A couple buys 30 acres in the woods, 100 miles from Houston, and the husband loves the place and wants to live out there. But the wife hates it. Can’t stand the loneliness and the insects, and once she saw a snake. That husband has big trouble.

This is the one that worries me about planning a move to the mountains…What happens if my wife isn’t happen once the move is a done deal. It’s not like you get a do over. And moving to the mountains wont be a perpetual vacation.

His most important point is this…

What you need to do, before making a move like this, is realize that you’ll have a good many days when you wish you hadn’t done it.

For his reasons to these points you’ll have to read his column from this past week over at  Owning a country home is no easy chore | Leon Hale | Chron.com – Houston Chronicle.

When you live in the country full time, not just on the weekends, your life moves at a different rhythm. The things you take for granted in town just take longer in the  country. Especially when it involves repairs. Parts are never available when you need them. The parts warehouse is far away in a distant city.

Even finding someone to do work on your place takes more time and effort.

p.s. I have been having a bit of trouble finding my voice these past few weeks…Blame on the dog days of summer…Blame it on procrastination. What ever the cause, I will make a more concerted effort to restart the habit of opening the stream and letting the words flow.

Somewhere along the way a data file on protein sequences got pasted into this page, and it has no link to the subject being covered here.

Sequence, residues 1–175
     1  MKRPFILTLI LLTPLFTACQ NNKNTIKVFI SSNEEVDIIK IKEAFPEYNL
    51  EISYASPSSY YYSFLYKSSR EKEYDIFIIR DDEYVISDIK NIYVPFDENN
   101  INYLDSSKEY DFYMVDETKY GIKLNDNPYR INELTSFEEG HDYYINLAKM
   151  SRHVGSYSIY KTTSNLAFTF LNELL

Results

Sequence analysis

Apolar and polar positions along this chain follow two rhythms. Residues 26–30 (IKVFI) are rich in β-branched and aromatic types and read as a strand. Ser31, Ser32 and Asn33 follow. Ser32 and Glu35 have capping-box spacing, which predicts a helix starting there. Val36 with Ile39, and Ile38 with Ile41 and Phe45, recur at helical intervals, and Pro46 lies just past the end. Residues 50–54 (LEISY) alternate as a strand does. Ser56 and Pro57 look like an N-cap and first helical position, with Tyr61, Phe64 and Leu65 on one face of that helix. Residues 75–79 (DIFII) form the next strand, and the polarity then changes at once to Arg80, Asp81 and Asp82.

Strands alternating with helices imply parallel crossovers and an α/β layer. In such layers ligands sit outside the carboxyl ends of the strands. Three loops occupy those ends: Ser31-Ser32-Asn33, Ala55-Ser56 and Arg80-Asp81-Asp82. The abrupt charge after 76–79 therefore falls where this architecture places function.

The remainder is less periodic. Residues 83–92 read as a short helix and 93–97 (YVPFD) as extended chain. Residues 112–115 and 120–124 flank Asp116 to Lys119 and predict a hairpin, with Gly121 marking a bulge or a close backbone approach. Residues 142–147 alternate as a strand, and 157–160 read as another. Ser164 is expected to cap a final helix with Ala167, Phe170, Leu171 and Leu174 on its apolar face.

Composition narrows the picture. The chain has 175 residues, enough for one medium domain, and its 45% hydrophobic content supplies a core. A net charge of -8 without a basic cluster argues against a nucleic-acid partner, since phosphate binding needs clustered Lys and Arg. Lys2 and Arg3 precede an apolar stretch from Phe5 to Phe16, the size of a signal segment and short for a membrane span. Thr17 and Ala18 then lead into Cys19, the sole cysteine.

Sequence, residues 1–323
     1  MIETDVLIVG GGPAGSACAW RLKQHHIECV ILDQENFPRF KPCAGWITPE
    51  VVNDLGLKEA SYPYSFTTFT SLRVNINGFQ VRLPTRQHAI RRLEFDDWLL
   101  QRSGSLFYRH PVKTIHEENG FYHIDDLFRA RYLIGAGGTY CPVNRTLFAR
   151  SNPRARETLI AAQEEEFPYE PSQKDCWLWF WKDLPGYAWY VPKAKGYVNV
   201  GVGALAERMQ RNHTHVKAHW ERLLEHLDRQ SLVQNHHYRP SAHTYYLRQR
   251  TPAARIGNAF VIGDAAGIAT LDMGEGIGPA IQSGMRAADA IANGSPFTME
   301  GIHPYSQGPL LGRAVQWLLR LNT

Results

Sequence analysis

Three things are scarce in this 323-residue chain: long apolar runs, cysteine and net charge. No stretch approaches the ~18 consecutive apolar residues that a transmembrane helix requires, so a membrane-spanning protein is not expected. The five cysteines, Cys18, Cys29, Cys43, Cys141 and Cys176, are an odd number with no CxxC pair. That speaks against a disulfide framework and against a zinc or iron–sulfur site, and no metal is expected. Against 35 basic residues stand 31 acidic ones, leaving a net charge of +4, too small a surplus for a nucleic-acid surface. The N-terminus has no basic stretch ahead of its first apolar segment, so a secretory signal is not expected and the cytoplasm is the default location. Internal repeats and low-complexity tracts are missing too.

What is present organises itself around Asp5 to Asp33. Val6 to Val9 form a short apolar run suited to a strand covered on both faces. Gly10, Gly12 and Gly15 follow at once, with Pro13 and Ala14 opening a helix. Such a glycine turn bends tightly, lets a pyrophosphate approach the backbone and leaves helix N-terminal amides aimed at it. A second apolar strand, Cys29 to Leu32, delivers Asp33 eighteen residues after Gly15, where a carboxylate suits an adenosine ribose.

Lost In Someone Else’s Words

If it seems like I’ve vanished from the face of the world here lately, it’s mostly because I have. At least the face of this world. I’ve been spending my time for the last two weeks lost in the world created by Stieg Larsson.

It seems I finally made the mistake of picking up the first two books in the Lisbeth Salander saga. I had been hearing about them for a while, but hadn’t run across them in my few travels until last weekend when I saw both at Sam’s. I tossed em into the basket and figured from the heft of the two paperbacks I would have the rest of my summers reading lined out…Boy was I wrong.

It seems these books are real page turners from the very first chapter. Once I started reading them last week, I found myself pushing as far as I could each very late night and rushing through chores each day to get back to the story…By the time I finished up book two I was hooked. A quick check with Amazon and the hardback of book three was ordered for delivery this week…Then, it looked like it was going to be a few days of withdrawal as I waited for the book to get here.

I turned my eldest onto the book and she rapidly found herself hooked as well…But when she showed up on Sunday and said she saw the movie was out at Best Buy and I should put it into my que, I headed over to Netflix. A quick search and it turned out it was available to stream…yeah. I wasn’t aware that it was Swedish until I started playing it on the big screen, but that made it even better in my view…

Book three actually arrived early and I was back in the world of Salander and Blomkvist right through to the end yesterday afternoon. Now I’m just sad that Mr. Larsson isn’t still around to  write some more novels…I would really like to see where he would have taken these characters.

I highly recommend the three book series to one and all…